Georganics is a British oral care brand that creates sustainable and natural products for your bathroom cabinet. Founder Alessandro Rochi sits down with Ample to tell us about the mission and origins of his company, challenges in changing the way we think about dental hygiene, and plans for the future.
Hi Alessandro, thank you for joining us to discuss Georganics! Can you tell us more about the company?
I started making my own toothpaste in 2010. At the time, I was on a cleansing mission between dietary and personal care changes, clearing out all the toxic stuff I used to use. The diet was easy because you just shop for organic, but with cosmetics and oral care, I couldn’t find anything food-grade. The ingredients we put into our mouth do get absorbed into the body, so it was so important to me to find something natural. Everything that was labelled natural at the time wasn’t as natural as it said, so I started making my own.
I asked at the local farmers market if they were interested in me selling toothpaste and they said they only sell food. Luckily, my product is food-grade, so they gave me a little table. The toothpaste was really popular, so I realised I should bring my products to a larger audience. There were lots of people who, like me, were into clean living. That was in 2014 when I started the online shop and by a stroke of luck, Wholefoods became our first client.
We’re a brand that is based on two pillars: sustainability and natural ingredients. We focus on reducing the impacts of oral care, including single-use plastics and materials that aren’t compostable. It’s something that everyone uses on a daily basis, so the impact is huge. We’re not yet plastic-free — our floss and toothbrush bristles have to be made from nylon, but anything we can do without impacting the efficacy of the product, we’ll do it. For example, the nylon we use for the floss comes from castor oil as opposed to petroleum. If you want to return them to us, we have a scheme where we allow free-of-charge returns so we can recycle the bristles. We go the extra mile where we can.
What are some of the barriers you’ve faced in growing the business?
The number one challenge we’ve faced is getting the customer expectation around the mouthfeel. For example, if you’ve used a regular water-based formulation of toothpaste for 20 to 30 years that is highly flavoured with sweeteners and flavourings, when you switch to a product that is flavoured with essential oils and is a lot thicker, you have to be aware of the reaction you might have to that. The big challenge is to have the customer transition from that to a natural product and retrain their pallet.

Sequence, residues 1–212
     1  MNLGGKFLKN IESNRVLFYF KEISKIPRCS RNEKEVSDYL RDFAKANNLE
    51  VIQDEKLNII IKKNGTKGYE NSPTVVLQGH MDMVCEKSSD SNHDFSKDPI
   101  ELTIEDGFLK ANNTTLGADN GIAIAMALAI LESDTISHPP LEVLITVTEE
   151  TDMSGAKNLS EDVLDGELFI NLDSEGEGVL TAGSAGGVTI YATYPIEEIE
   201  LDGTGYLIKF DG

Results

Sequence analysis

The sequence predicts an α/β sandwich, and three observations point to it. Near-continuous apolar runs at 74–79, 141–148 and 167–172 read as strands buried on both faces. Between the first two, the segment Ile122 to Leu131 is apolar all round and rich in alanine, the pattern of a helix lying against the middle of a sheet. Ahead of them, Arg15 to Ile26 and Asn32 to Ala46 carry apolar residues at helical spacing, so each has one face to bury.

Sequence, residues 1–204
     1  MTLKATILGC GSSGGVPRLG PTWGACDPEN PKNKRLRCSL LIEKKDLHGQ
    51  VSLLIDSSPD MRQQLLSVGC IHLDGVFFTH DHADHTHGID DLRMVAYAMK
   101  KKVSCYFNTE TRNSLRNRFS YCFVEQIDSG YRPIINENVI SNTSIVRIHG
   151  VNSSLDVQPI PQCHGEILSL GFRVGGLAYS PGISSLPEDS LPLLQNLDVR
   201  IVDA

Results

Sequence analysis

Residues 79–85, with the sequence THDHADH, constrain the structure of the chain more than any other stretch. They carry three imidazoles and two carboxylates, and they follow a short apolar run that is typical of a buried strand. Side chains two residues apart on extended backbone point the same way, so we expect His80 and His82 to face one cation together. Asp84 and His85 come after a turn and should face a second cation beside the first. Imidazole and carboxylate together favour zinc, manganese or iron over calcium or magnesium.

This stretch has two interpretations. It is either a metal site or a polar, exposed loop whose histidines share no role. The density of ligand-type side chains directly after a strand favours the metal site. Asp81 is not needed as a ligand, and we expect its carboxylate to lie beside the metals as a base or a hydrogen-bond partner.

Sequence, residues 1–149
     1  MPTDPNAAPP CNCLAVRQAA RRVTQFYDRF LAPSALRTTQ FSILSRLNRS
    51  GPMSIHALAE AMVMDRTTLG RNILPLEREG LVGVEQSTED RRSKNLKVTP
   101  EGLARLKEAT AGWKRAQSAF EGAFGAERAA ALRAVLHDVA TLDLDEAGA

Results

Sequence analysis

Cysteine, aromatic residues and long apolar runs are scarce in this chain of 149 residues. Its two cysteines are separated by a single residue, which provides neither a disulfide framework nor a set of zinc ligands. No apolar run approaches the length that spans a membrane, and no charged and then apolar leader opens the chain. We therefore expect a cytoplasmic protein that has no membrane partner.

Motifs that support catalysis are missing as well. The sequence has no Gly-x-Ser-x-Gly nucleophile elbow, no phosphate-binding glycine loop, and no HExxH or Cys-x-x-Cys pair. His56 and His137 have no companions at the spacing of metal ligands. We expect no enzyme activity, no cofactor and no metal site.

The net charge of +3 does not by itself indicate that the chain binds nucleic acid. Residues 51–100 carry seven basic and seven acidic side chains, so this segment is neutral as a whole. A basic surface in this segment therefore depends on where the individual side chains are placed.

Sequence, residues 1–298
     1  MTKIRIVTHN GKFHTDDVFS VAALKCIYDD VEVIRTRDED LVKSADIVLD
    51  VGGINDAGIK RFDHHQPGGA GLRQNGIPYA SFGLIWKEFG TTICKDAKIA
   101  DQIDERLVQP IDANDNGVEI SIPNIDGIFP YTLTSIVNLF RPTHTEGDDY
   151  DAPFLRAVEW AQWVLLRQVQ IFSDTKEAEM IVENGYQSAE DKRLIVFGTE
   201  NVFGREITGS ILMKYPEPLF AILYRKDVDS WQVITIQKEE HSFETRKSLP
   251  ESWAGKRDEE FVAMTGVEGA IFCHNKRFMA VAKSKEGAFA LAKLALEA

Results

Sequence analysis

What we’re trying to do is educate the customer to take control of their oral health. And that’s about making changes that go beyond using a certain toothpaste, and that’s not an easy thing to do. We use social media as a platform to educate and share useful information and all of the content we create is divided by the values we believe in, natural living, nutrition and lifestyle, and sustainability.
How did you develop the ingredients you use? What was the development process like at Georganics?
One box I wanted to tick was to ensure the ingredients weren’t synthetic. They also have zero toxicity. Nowadays, there are various ways to measure the toxicity of ingredients, Environmental Working Group is one of the platforms we use. Instead of using glycerin, instead using virgin coconut oil, you know that it’s going to be a suitable replacement. We looked at all the ingredients needed for toothpaste and found alternatives that would maintain the functionality but would also satisfy the feel-good factor. That’s how we reformulated the products.
Is Georganics certified by any standards bodies?
We are a B-Corp business, which covers our business practices. We also test all of our products for their properties. For example, if we market toothpaste as whitening, we have done a trial on that claim to prove that it works. Then, of course, we have other certifications like the Soil Association which has to do with the organic matter we use in our products. Each claim we can back up with some kind of study or trial.
You mentioned that you have a recycling scheme, can you tell us more about that?
It’s called ZTL, which stands for Zero to Landfill. If you’re using a manual wooden toothbrush, you can snap the head off. We require customers to send back at least 5 toothbrush heads to reduce the impact, and you can drop them into a mailbox for free. We have a big container that we send every three months to Terracycle, where they remove the bristles to be recycled. Because the handle is made of Beechwood, you can compost it, reuse it, or throw it into your fireplace.
A lot of legacy brands are moving into the sustainable product space — even Colgate now sells bamboo toothbrushes. Do you see this as a positive step or greenwashing in action?
I think it’s a bit of both. There is an attempt to become clean, so I think we all have to support each other. Being a smaller company, we can quickly pivot our business. For a large multinational, that process will take years or decades longer, so we can’t point the finger just because they’re behind, but that’s the reality. We manufacture everything in Sussex, and we don’t use any external manufacturers or third parties, so all of our products are as local as possible.
What are your ambitions for the business?
Our main focus is on developing the business in the south of England and the UK in general — that’s our maximum reach. And that’s because we want to lower the impact on our consumers.
We don’t want to compromise our values, so if we scale, we want it to be true to our values. I think it’s the only way to scale because the market is already going in this direction.